Chris Allen finds new home at Iowa State
Iowa State guard Chris Allen used to be one of the more
well-known players in all of college basketball.
Now he’s just that guy – as in,” Oh yeah, I remember that
Allen was a key cog in Michigan State’s Final Four teams in 2009
and 2010 that fell short in its stirring quest to win the national
title in Detroit and lost to a Butler team trying to pull off a
similar feat in Indianapolis.
After an exit from East Lansing that may never be fully
explained, Allen landed at Iowa State in the summer of 2010 as one
of a crop of transfers coach Fred Hoiberg hoped can speed up his
Allen, a 6-foot-3 guard, will be back in the spotlight for the
Cyclones this winter. In fact, he’s already been tabbed as a
preseason honorable mention All-Big 12 pick by the league’s
”He’s been there, and that’s what you want. You want people
that have been in those types of situations,” Hoiberg said
Because Allen’s spent the past year in Ames, a brief primer on
his career seems in order.
Allen was an first-team all-state pick at Meadowcreek High in
Georgia in 2007 and one of the nation’s most touted recruits when
he signed with the Spartans. He contributed immediately for
Michigan State, averaging 6.3 points as a freshman and scoring a
season-high 20 in a loss to Memphis in the regional semifinals in
Allen’s role grew in 2008-09, as he led the Spartans with 52
3-pointers and scored 16 points in the title game loss to the Tar
Heels. He moved into the starting lineup as a junior, scoring at
least 10 points 15 times, but by then his relationship with coach
Tom Izzo began to deteriorate.
Allen was suspended for the team’s Big Ten tournament opener. He
helped lead the Spartans back to the title game, but in August of
2010 he was kicked off the team for unspecified reasons.
Allen said Tuesday that he doesn’t harbor any resentment toward
Izzo, who he praised for his demanding but caring relationship with
”It was so long ago, I kind of blocked it out of my memory,”
Allen said. ”It happened, but it’s the past. If I dwell on that,
then I not going to do nothing here.”
It didn’t take long for Hoiberg to welcome Allen to Iowa
Hoiberg, then preparing for his first season as a coach at any
level, figured the fastest way to get the Cyclones competitive in
the Big 12 was to take chances on transfers like Allen, Royce White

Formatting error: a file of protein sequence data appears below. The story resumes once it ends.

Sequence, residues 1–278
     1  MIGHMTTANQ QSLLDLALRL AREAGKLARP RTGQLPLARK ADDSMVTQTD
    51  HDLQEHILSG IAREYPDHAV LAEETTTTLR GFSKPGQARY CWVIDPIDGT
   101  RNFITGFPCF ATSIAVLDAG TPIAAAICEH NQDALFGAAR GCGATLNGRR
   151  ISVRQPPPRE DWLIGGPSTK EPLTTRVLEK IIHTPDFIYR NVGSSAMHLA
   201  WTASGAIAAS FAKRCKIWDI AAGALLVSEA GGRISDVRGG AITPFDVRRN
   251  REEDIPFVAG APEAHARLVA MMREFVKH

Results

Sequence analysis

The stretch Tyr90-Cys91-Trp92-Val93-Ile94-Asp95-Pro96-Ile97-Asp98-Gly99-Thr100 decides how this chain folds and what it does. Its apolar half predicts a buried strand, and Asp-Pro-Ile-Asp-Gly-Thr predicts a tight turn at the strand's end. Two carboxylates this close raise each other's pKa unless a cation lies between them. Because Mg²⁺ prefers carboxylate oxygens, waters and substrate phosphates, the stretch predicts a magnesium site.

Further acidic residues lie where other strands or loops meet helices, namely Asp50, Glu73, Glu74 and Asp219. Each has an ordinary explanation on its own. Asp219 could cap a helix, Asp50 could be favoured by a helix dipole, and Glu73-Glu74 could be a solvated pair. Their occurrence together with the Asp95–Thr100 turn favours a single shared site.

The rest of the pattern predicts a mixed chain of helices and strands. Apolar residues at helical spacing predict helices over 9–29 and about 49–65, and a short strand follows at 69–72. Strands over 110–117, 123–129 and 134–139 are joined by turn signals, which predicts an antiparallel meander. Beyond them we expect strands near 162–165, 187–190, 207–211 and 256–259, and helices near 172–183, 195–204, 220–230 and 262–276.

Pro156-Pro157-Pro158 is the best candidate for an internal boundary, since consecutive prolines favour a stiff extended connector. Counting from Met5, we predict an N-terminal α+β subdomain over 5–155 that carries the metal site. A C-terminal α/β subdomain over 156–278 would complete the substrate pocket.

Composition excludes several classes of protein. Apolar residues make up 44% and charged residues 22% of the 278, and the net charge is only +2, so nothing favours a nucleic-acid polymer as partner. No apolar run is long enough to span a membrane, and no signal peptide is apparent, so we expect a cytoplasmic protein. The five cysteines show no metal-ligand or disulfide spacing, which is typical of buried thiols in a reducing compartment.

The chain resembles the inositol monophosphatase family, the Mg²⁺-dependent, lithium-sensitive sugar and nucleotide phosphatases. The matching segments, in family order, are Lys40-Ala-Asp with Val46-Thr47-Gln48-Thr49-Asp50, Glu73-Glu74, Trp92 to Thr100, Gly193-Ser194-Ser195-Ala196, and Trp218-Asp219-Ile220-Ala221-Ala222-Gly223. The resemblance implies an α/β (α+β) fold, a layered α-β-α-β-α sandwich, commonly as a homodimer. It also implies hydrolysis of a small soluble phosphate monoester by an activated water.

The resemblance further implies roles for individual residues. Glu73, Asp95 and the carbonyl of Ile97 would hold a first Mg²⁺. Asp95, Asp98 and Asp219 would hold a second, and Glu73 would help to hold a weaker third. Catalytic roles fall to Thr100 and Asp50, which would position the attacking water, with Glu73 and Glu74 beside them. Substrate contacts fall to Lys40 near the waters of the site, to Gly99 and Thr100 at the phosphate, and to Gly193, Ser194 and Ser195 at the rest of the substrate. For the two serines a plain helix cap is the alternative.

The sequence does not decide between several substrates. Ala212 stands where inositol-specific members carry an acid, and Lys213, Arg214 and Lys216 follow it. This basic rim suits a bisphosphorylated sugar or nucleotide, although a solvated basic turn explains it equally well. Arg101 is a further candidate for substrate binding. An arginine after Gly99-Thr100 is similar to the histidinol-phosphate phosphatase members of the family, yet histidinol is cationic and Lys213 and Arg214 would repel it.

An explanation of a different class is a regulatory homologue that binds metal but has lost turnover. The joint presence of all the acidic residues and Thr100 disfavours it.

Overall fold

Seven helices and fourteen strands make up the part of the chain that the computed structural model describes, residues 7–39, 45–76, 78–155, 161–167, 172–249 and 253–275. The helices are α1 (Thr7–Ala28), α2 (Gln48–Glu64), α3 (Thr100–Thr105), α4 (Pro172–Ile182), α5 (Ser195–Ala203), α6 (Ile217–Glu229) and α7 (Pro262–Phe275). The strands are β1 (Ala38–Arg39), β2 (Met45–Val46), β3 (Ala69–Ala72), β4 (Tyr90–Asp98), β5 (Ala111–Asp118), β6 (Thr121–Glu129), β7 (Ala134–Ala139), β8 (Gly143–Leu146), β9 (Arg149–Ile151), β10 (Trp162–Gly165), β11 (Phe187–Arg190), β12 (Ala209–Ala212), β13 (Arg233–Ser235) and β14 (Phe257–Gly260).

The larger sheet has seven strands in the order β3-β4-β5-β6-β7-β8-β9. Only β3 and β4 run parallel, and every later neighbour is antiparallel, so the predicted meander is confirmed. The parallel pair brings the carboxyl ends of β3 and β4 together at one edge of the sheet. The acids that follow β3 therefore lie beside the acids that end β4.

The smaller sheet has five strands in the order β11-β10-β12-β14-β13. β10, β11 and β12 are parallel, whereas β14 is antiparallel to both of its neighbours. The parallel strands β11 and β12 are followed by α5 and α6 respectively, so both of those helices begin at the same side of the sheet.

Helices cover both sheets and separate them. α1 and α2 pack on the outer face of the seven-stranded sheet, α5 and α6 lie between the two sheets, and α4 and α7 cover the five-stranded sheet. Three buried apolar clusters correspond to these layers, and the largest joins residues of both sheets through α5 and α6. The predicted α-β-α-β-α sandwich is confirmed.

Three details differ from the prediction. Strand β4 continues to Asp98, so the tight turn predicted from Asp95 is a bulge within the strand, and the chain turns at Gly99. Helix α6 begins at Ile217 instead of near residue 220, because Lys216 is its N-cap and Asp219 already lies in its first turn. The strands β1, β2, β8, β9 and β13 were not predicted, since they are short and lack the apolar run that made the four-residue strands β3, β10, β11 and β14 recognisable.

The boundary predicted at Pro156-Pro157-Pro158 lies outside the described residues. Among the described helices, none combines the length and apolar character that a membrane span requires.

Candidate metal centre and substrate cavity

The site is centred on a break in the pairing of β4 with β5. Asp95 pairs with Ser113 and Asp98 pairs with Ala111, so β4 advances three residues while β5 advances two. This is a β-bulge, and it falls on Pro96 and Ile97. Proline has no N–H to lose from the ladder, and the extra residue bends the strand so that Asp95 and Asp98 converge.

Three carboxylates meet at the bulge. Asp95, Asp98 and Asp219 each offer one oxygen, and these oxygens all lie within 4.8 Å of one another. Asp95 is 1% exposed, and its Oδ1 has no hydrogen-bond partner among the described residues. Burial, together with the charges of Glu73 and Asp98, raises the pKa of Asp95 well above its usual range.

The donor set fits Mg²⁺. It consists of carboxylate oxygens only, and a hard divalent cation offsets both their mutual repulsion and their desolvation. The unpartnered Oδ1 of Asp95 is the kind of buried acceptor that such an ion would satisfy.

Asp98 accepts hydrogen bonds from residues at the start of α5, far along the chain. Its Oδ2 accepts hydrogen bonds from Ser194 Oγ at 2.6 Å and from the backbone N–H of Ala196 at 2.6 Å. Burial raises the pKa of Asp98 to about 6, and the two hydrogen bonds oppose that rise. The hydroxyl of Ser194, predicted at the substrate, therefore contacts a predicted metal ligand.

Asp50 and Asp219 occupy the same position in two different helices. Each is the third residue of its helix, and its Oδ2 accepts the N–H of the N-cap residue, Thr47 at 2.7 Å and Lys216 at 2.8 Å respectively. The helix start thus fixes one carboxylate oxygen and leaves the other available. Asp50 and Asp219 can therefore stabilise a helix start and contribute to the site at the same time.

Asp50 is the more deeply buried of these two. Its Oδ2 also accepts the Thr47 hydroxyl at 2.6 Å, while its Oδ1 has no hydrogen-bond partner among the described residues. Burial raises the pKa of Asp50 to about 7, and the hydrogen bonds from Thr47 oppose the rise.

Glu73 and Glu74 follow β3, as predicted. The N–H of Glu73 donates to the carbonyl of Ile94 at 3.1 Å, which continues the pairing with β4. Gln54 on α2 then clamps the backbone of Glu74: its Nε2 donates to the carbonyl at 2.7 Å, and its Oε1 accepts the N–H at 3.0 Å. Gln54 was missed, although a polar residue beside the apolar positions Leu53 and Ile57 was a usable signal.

(Minnesota) and Chris Babb (Penn State).
None of them were eligible last season, and Iowa State’s lack of
depth wore it down as it stumbled to a 3-13 record in the Big 12
after a promising start in nonconference play.
They’ll all be expected to play major roles in 2011-12.
White, the league’s preseason newcomer of the year, will man the
post, and Babb will figure prominently in Iowa’s State three-guard
Although Allen has never played a minute for the Cyclones, he
and fellow senior guard Scott Christopherson be looked upon to help
a roster full of unknown pieces gel into a unit that can compete
for a Big 12 title.
”You always lean on your seniors. Having two of them in Scott
and Chris, we’ll definitely lean on those guys,” Hoiberg said.
Allen isn’t a true point guard. But nobody else on the Cyclones
is either after they lost Diante Garrett, so Allen will likely
bring the ball up the floor at times and get Iowa State into their
Allen’s true role on both ends of the floor will likely take
some time to discern, but his defense, outside shooting and
leadership will be key for a team with so many moving pieces.
”He’s in the gym all the time,” junior college transfer Tyrus
McGee said. ”I look up to him because he’s an older guy. He knows
the game more. He’s a quiet guy, laid back. He’ll sit there and
listen, and he does what he’s supposed to do. That’s the real
reason why I look up to him.”
Allen has already played in 14 NCAA tournament games in his
career – and that’s as many as Iowa State’s played since the early
Fans in Ames aren’t expecting another Final Four trip out of
Allen. Just reaching the NCAA tournament would be enough, since the
Cyclones haven’t been there since 2005.
”I could help these guys a lot. The tournament experience,
that’s a whole (new) level,” Allen said. ”When you’ve got guys
that have played against the big-name teams with the big-name
coaches and the big time fans, when you playing regular games in
the Big 12 it makes it a lot easier. If the guys see somebody that
they look at as a leader calm and collected, then it’s only going
to carry over.”